The plaintiff appeals from the grant of the defendant's motion for summary judgment.
The plaintiff, a builder of modular homes, constructed three homes in Blakely, Georgia, for sale to persons eligible for interest credit assistance. The homes were to be financed by Farmers Home Administration (FHA). The defendant, through its local agent, was to provide fire insurance policies on each of the houses. On the closing date, the buyer of one house decided not to complete the transaction. The other two houses were sold and are not involved in this litigation. Subsequently, the plaintiff found another buyer for the unsold house, Mitchell Williams and his wife, Johnnie Mae Williams. On March 10, 1972, FHA approved a loan for the Williamses. At the plaintiff's direction and upon payment of premium to the defendant's general agent by the plaintiff, who still held title to the house, on March 14, 1972, the defendant issued a fire insurance policy on the subject house in the name of Mitchell Williams and Johnnie Mae Williams, with a mortgage clause in favor of the United States of America (FHA). The original policy was mailed to the Blakely office of FHA and a copy sent to the Williamses. The plaintiff was not sent a copy of the policy. The Williams family moved into the house on March 27, 1972. On April 6, 19,72, the house burned and was a total loss. When the insurance policy was issued, the defendant's Blakely, Georgia general agent knew that title to the insured property had not been conveyed from the plaintiff to the Williamses and that the FHA loan had not been closed. At the time of the fire, the loan to the Williamses from FHA still had not been closed and title to the house still remained in the plaintiff. The defendant paid the Williamses $1000 for loss of household goods and personal effects, but on April 27, 1972, also wrote the Williamses, "As a result of our investigation we found that you did not own the property damaged by fire on the captioned date, which was April 6, 1972. We must, therefore, respectfully advise you that the contract of insurance is void ab initio and coverage will not apply." Likewise, on April 27, 1972, the defendant wrote its Blakely, Georgia general agent, who had written the policy in question, "It is our understanding that U. S. Homes Assistance Corporation paid the premium for the abovementioned policy. Since we are voiding coverage, please refund the entire premium and forward us the evidence of such refund." Held:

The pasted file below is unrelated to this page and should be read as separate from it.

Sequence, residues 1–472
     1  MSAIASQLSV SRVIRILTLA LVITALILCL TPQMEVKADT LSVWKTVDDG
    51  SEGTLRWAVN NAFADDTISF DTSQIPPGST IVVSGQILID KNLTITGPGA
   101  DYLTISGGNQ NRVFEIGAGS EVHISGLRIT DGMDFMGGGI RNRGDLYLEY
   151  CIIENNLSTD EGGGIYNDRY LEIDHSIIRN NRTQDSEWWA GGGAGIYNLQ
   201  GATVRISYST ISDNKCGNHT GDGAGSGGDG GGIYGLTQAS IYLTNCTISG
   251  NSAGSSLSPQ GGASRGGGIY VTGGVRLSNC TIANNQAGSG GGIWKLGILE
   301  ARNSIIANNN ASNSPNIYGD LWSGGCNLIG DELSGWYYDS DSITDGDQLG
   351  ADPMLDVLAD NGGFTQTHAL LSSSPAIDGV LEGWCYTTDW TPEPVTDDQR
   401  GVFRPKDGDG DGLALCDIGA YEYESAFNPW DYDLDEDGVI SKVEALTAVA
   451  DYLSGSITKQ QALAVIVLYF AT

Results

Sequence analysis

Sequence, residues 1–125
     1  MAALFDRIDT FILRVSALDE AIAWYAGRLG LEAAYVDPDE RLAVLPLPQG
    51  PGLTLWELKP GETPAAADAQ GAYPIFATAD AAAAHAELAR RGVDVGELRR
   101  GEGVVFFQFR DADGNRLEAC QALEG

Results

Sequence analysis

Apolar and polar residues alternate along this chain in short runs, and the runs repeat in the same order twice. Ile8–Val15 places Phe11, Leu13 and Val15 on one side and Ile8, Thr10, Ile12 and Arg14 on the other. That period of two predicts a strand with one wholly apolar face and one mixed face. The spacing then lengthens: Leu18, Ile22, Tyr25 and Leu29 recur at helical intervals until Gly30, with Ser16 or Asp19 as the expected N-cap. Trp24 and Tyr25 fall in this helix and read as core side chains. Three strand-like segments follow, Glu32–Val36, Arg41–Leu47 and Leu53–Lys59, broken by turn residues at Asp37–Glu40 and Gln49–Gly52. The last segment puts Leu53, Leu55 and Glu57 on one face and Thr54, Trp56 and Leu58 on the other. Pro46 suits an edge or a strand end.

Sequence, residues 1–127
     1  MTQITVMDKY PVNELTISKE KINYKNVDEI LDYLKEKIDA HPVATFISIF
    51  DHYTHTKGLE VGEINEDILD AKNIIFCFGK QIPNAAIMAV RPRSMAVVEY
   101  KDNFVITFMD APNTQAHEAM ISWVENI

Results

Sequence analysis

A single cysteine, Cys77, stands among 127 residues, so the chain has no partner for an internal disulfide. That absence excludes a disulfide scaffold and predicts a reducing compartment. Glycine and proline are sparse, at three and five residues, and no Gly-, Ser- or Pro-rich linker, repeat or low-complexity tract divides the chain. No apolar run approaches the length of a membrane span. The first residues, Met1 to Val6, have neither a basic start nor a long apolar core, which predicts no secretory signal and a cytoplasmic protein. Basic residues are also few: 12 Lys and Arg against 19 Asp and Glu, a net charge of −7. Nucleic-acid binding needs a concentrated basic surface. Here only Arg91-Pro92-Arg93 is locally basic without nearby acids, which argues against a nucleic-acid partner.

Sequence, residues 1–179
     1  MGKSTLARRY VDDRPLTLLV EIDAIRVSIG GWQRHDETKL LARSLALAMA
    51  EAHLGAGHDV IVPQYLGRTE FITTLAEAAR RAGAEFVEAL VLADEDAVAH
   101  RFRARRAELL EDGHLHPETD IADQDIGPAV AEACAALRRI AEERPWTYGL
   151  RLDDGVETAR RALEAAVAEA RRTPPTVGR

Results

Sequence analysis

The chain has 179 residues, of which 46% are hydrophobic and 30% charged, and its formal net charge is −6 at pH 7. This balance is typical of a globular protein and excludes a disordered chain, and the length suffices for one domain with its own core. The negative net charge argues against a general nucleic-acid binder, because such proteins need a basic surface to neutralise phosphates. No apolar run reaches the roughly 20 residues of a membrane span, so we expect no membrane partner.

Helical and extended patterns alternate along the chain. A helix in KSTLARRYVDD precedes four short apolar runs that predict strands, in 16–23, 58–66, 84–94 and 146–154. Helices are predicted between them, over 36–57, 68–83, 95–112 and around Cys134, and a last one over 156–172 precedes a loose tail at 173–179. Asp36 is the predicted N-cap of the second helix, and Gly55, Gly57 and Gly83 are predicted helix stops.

The controlling issue in this case is whether plaintiff, U. S. Homes Assistance Corp., has any standing to bring this action against this defendant on the policy of insurance. We must answer this question in the negative. In Walker v. General Ins. Co., 214 Ga. 758
, 761 (107 SE2d 836
) the Supreme Court held: "Generally, 'one other than the person to whom [an insurance policy] was issued can not, in his own name, maintain an action thereon, unless the policy has been duly assigned to him in writing.' National Fire Ins. Co. v. Grace, 106 Ga. 264 (32 SE 100)
; Fields v. Continental Ins. Co. of New York, 170 Ga. 28 (152 SE 60)
"The general rule is that: 'An action on a policy of insurance--or on a written binder--must he brought in the name of the holder of the legal title thereto.' Westbrook v. Nationwide Ins. Co., 113 Ga. App. 299
, 302 (147 SE2d 819
). 'Generally, "one other than the person to whom it was issued can not, in his own name, maintain an action thereon, unless the policy has been duly assigned to him in writing." ' Walker v. General Ins. Co., 214 Ga. 758
, 761 (107 SE2d 836
)." Insured Lloyds v. Bobo, 116 Ga. App. 89
, 90 (156 SE2d 518
Phillip Sheffield, for appellee.